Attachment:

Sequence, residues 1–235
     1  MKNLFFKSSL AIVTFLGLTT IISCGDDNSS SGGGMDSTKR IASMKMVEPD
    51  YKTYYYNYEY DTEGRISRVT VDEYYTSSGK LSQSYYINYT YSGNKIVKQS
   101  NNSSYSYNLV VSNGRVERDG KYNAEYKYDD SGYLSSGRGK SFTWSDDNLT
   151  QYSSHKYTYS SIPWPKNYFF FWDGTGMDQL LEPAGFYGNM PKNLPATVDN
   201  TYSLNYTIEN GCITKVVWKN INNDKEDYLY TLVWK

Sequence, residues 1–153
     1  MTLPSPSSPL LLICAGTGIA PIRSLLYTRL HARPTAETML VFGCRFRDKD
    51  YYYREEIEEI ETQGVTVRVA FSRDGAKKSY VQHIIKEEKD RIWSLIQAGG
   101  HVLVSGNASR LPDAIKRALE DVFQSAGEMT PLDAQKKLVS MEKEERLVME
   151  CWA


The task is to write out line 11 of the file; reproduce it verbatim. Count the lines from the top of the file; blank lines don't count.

   151  CWA